Typing Faster

July 26, 2009

Finale, Reboot or Gamechanger: Dollhouse Epitaph One

Filed under: Craft, Stuff I Like — petertypingfaster @ 8:00 am

So I’ve already gone on record saying I’m not a fan of Dollhouse. In fact, I’ve gone so far as to say that I hate the show on more than one occasion.

Why do I dislike the show so much?

I didn’t think that they did enough with the premise to elevate it beyond the run-of-the-mill “prostitute of the week” story.

I couldn’t empathize with any of the core cast of characters. DeWitt’s essentially a pimp, Topher her willing accomplice (something which makes his status as the shows ‘comedic relief’ even more repugnant). Ballard is flat out boring, a little too monomaniacal to be interesting, and I can’t get behind Echo because she’s a different person every damn week.

Speaking of Echo, that brings me to the fact that Eliza Dushku CAN NOT ACT. At all. Period. End of discussion. She’s the anchor around the shows’ neck. If only Enver Gjokaj were the lead maybe we’d have something!

Lastly we have the plausibility issues. Normally I’m willing to suspend my disbelief for practically anything, but Dollhouse just pushes my buttons. Practically every episode involved something going wrong with the imprinting process, or with the background checks they ran on the Dollhouse’s clients. I’m sorry, but for such a technically advanced organization, these people are frighteningly incompetent. The incompetence of the Dollhouse sapped a lot of the dramatic potential right out of the series. Of course the heroes are going to win! They’re going up against idiotic morons!

Anyways, long story short, I thought that while Dollhouse had an interesting premise, it fell far, far short of a successful television show.

And then tonight I watched Epitaph One, the unaired 14th episode that will be included on as a DVD bonus feature.

It. Was. Awesome.

Truly made of win, and largely because it dodged all of the pitfalls that made me hate the show in the first place.

It wasn’t a prostitute of the week story.

Topher and DeWitt actually had moments of moral outrage. I actually felt pityfor them, which amazes me because I find them both to be such loathsome characters.

Eliza Dushku was barely in it, with the spotlight instead turned over to the wonderful Felicia Day, Zack Ward and Adair Tishler (who at 13 years old makes a better Caroline than Eliza Dushku).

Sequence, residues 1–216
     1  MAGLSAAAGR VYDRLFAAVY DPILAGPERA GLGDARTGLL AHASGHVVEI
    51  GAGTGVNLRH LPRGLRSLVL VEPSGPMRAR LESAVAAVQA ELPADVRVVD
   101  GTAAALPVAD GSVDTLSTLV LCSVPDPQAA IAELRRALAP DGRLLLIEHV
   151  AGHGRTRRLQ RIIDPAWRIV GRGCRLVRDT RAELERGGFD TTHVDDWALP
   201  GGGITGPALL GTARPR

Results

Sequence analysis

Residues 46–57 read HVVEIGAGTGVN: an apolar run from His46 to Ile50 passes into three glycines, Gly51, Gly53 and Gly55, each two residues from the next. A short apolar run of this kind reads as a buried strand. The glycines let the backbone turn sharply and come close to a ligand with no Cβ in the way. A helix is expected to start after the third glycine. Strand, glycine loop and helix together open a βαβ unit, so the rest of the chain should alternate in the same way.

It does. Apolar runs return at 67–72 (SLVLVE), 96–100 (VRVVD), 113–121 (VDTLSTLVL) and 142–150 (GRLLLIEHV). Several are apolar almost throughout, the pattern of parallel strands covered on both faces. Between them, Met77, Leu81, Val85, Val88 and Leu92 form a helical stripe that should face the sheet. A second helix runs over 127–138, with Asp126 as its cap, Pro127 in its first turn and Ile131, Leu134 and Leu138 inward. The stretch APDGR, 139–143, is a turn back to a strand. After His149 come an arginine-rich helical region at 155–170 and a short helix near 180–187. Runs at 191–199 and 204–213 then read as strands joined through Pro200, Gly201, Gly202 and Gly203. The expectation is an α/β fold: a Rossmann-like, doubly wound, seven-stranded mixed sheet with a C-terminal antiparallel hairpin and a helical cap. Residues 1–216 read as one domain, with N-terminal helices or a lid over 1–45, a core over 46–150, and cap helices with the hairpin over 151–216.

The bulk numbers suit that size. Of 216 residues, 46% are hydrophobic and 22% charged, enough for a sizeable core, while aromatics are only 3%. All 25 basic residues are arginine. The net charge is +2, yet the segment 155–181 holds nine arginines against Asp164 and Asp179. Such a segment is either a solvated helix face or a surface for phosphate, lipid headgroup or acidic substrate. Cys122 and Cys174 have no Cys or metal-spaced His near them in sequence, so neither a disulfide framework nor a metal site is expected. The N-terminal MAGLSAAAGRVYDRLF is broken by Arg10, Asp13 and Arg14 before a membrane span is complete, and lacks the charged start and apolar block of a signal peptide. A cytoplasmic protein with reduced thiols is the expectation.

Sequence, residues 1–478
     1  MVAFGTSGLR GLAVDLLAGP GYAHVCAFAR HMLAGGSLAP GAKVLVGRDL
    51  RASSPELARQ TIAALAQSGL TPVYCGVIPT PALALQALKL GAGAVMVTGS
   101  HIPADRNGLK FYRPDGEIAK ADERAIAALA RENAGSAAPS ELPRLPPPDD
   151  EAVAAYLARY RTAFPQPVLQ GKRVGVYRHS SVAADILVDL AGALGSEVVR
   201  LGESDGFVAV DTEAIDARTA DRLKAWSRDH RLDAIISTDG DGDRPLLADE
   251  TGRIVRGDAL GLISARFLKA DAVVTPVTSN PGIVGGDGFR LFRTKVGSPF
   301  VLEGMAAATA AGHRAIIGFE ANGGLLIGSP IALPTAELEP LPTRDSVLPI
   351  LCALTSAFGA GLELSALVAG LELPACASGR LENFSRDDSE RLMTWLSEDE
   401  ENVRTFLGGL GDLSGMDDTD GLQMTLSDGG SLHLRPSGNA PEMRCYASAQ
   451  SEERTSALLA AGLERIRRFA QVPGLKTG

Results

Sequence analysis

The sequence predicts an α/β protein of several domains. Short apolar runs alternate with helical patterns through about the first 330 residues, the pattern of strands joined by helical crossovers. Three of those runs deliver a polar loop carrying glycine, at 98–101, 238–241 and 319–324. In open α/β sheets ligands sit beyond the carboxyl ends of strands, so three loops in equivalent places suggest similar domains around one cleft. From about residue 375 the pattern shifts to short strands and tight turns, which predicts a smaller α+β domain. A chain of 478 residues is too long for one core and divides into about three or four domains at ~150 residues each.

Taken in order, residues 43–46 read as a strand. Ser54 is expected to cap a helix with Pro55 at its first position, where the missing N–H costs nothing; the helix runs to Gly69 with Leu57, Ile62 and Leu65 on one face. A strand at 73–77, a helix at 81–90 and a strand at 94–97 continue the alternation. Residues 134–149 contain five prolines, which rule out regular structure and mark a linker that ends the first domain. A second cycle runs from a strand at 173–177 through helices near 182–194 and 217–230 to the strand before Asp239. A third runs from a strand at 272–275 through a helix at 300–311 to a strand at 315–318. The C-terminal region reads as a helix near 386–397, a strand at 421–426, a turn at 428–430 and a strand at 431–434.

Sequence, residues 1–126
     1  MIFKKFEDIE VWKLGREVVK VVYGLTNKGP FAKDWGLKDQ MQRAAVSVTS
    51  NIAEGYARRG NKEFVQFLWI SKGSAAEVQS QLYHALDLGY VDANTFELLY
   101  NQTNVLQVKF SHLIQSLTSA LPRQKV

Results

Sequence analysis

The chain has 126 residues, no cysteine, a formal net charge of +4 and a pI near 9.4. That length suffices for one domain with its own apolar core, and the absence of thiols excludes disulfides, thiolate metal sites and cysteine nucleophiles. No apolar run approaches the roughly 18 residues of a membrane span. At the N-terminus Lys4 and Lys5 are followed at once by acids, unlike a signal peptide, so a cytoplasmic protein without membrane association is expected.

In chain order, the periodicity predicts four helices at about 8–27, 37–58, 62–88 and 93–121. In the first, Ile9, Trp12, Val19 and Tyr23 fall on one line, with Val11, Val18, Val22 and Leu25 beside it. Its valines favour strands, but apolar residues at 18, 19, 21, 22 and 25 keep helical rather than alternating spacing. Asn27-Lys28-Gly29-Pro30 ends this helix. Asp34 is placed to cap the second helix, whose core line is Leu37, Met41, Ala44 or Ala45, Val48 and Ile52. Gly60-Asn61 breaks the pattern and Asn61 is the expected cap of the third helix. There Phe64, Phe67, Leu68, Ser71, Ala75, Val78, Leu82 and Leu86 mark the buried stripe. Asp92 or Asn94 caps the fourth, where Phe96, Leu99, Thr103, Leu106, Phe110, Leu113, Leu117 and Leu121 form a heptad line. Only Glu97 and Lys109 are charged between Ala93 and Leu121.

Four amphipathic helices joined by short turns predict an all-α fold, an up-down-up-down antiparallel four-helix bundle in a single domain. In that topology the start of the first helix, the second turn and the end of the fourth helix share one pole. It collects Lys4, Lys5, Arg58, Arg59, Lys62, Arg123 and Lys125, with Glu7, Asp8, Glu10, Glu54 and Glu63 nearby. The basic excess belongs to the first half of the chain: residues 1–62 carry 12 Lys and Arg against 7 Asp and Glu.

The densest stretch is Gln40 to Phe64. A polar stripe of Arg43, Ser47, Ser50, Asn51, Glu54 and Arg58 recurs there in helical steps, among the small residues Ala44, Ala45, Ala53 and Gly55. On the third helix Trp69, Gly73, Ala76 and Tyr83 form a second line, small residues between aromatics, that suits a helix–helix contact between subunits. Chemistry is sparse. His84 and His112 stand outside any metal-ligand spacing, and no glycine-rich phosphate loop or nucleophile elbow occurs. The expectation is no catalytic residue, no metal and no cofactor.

Finally we had an interesting take on the imprinting process, where instead of the episode hinging on the process screwing up, instead they’re used as a trail of bread crumbs that our heroes follow to safety.

It’s a great hour of television, but I’m curious as to what it means for the second season.

Epitaph One is undoubtedly a game changer, and when you think of it as a series finale (it was shot when a second season pick up seemed far from likely), it makes a world of sense. Given a new season starting in a few months, it makes less sense.

It could work as a series reboot, but it’s a drastic, drastic change to the show’s template. Epitaph One jumps ahead ten years to 2019, and shows us a post-apocalyptic world in which the Dollhouse’s imprinting technology has run rampant. Frankly I think that this show would be way more interesting than the current version of Dollhouse, but for a bubble show it seems like way too big a change to make. Just think of the budget a post-apocalyptic show would take to shoot!

Epitaph One probably won’t reboot the series, but I do think that Joss and co. will use it to shift the show’s current trajectory a bit. By giving the audience a peak at the future, it lends a whole new element of tension to the proceedings (this is what they’re up against). The glimpses we catch of Topher and DeWitt also serve to soften our perceptions of those characters a bit.

And the fact that Epitaph One opened things up, got us away from Echo, and showed that Dollhouse can tell an exciting story without futuristic mind-wipe hookers, is fabulous. Hopefully they’ll do more of that.

Joss Whedon’s already said that we’ll be seeing Felicia Day and Zack Ward in season two, so I’m hoping it signifies a change for the best!

For more spoilery, in-depth reviews of Epitaph One check out Mo Ryan’s thoughts, as well as Alan Sepinwall’s.



  1. I haven’t seen Epitaph One yet, but I agree with your comments on why Dollhouse season one struggled — especially about Eliza Dushku. Joss’s crush on her will be his Kryptonite (if it isn’t already).

    Comment by Tommy — July 26, 2009 @ 12:02 pm

  2. Having seen both the original pilot “Echo” and “Epitaph One” together as a sort of microseason apart from the episodes aired, the 1st season seems to be a textbook example of network notes in action.

    Comment by greennogo — July 26, 2009 @ 5:04 pm

    • I haven’t seen the unaired pilot yet, but I don’t doubt that network notes played a role in what wound up on screen. I’m not willing to lay all the blame at the network’s door though, since I think a lot of the shows flaws are inherent to the concept.

      Comment by petertypingfaster — July 26, 2009 @ 6:10 pm

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